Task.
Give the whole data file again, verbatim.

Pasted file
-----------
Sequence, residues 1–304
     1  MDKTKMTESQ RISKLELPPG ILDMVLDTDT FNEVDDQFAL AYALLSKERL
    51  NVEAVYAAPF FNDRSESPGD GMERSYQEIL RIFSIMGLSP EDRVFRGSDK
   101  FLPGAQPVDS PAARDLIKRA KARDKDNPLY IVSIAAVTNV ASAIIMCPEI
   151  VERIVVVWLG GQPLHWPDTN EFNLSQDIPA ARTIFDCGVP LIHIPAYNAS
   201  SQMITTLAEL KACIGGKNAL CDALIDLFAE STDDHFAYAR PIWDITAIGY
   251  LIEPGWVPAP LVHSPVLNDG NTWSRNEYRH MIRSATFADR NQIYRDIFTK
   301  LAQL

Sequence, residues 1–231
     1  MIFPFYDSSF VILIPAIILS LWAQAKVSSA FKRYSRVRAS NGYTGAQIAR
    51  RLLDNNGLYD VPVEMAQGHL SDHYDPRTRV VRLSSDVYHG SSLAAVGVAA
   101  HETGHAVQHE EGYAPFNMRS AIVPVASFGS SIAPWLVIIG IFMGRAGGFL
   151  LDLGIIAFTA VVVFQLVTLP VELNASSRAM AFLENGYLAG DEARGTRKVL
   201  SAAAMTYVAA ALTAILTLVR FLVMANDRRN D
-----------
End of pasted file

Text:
Sequence, residues 1–304
     1  MDKTKMTESQ RISKLELPPG ILDMVLDTDT FNEVDDQFAL AYALLSKERL
    51  NVEAVYAAPF FNDRSESPGD GMERSYQEIL RIFSIMGLSP EDRVFRGSDK
   101  FLPGAQPVDS PAARDLIKRA KARDKDNPLY IVSIAAVTNV ASAIIMCPEI
   151  VERIVVVWLG GQPLHWPDTN EFNLSQDIPA ARTIFDCGVP LIHIPAYNAS
   201  SQMITTLAEL KACIGGKNAL CDALIDLFAE STDDHFAYAR PIWDITAIGY
   251  LIEPGWVPAP LVHSPVLNDG NTWSRNEYRH MIRSATFADR NQIYRDIFTK
   301  LAQL

Sequence, residues 1–231
     1  MIFPFYDSSF VILIPAIILS LWAQAKVSSA FKRYSRVRAS NGYTGAQIAR
    51  RLLDNNGLYD VPVEMAQGHL SDHYDPRTRV VRLSSDVYHG SSLAAVGVAA
   101  HETGHAVQHE EGYAPFNMRS AIVPVASFGS SIAPWLVIIG IFMGRAGGFL
   151  LDLGIIAFTA VVVFQLVTLP VELNASSRAM AFLENGYLAG DEARGTRKVL
   201  SAAAMTYVAA ALTAILTLVR FLVMANDRRN D